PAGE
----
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USD/JPY slides towards 104 on BOJ, Fed

The Bank of Japan does not like excessive foreign exchange moves, especially when their currency  strengthens. So does Japan’s Ministry of Finance. Nevertheless, the markets seem fearless of the Japanese authorities.

The BOJ did not make any policy changes in its June decision, adopting a wait-and-see mode like other central banks. The result is an extension of existing trends: a stronger Japanese yen on safe haven flows, the result of Brexit fears. In addition, some of the troubles originate closer to home, from China, at least according to policymakers in Tokyo.

This comes on top of an extremely cautious Fed decision: the world’s most important central bank made no policy changes and also sent a dovish message. The prospects for rate hikes fell once again, and here are 5 reasons for that.

So, USD/JPY extended its falls below 105.50 that supported it recently. After the battle was won, the 105 was pierced through quite rapidly and 104.01 is the low at the time of writing. We are back to levels last seen in 2014, before the second round of QQE announced by the BOJ.

We may be on the cusp of another huge monetary stimulus wave, with helicopter money coming in the chopper. However, the BOJ awaits the verdict of the British voter before taking further action.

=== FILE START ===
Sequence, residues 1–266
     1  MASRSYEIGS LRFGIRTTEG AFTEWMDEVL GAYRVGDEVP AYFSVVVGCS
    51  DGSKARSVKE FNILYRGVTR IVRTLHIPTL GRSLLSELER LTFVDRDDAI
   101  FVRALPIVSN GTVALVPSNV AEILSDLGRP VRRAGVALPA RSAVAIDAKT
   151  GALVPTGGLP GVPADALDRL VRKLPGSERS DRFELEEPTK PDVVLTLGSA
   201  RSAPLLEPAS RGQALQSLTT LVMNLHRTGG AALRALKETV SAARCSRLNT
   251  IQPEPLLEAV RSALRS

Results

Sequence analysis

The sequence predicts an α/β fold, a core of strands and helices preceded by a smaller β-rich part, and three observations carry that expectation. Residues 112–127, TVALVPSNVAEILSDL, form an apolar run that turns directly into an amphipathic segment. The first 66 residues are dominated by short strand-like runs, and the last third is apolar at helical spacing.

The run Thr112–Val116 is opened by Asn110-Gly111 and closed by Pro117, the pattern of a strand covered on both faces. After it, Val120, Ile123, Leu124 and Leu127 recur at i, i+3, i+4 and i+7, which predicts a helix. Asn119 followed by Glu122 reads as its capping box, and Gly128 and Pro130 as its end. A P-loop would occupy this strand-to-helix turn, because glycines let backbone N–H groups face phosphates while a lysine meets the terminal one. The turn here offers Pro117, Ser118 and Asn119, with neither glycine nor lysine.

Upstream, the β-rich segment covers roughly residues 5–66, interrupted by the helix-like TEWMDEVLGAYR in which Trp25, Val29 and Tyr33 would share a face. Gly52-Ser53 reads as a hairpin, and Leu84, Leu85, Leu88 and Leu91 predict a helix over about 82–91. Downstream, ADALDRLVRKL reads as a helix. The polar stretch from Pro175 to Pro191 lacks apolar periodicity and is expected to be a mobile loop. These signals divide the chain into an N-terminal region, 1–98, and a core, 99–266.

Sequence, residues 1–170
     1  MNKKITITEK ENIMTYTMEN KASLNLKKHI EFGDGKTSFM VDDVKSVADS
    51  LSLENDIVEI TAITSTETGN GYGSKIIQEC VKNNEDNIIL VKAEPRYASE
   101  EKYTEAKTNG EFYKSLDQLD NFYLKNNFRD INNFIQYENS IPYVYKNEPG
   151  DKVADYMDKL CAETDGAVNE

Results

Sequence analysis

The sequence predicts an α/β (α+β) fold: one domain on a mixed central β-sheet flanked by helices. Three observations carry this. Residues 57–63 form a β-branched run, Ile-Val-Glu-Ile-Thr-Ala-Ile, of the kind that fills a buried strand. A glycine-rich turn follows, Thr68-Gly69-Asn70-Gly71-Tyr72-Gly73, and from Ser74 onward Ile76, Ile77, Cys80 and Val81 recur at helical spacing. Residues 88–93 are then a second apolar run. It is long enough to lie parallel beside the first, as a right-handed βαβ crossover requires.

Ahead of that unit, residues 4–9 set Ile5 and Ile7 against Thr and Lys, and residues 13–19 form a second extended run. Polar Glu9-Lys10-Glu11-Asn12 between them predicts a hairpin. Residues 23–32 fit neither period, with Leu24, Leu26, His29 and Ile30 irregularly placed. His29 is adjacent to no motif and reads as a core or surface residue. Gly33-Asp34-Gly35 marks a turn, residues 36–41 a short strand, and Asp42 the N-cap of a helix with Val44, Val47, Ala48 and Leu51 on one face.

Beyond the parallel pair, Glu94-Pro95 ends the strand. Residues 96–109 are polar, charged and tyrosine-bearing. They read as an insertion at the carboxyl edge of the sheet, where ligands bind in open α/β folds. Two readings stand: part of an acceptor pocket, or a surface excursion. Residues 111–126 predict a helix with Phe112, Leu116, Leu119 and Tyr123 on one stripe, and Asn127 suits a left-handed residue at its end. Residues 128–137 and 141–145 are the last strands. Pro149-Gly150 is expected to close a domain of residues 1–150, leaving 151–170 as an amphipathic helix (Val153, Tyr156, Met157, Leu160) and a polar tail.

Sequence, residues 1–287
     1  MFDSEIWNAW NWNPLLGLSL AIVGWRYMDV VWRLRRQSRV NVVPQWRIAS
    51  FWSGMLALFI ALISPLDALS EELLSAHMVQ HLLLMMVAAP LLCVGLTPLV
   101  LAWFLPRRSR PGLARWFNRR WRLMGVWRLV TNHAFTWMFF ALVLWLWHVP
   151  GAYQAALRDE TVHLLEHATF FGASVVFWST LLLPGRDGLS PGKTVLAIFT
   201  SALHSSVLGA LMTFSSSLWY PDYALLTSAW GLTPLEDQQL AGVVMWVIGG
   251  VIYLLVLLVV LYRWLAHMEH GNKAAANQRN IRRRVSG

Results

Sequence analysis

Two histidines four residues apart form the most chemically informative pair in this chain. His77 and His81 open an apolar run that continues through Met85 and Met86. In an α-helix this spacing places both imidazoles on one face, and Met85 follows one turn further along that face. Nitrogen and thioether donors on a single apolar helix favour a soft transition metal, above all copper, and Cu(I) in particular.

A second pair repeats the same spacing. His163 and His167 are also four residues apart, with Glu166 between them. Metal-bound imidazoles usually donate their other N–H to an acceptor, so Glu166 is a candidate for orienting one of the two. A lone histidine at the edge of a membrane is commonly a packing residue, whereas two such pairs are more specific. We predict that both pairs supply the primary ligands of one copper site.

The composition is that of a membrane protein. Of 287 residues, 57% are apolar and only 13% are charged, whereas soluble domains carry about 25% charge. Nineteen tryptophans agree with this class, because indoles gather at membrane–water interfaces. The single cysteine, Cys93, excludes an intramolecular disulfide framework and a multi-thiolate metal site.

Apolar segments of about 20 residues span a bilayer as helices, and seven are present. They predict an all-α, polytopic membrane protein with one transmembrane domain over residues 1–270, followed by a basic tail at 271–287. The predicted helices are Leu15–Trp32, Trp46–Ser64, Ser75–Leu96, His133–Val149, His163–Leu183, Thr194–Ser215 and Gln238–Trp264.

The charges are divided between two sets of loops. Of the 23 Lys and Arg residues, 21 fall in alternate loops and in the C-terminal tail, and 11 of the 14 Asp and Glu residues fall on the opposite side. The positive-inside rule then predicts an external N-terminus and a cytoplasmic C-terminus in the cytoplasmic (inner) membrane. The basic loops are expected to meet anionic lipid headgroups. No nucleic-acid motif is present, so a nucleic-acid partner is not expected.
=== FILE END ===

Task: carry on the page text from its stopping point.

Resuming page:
Resistance is at 105.50, followed by 107.65. Support is at 104, which seems temporary, and the next levels are a fallback to 2014.

Here is the dollar/yen chart:

USDJPY June 16 2016 falls heavily on FED BOJ

Yohay Elam

Yohay Elam

Yohay Elam: Founder, Writer and Editor I have been into forex trading for over 5 years, and I share the experience that I have and the knowledge that I've accumulated. After taking a short course about forex. Like many forex traders, I've earned a significant share of my knowledge the hard way. Macroeconomics, the impact of news on the ever-moving currency markets and trading psychology have always fascinated me. Before founding Forex Crunch, I've worked as a programmer in various hi-tech companies. I have a B. Sc. in Computer Science from Ben Gurion University. Given this background, forex software has a relatively bigger share in the posts.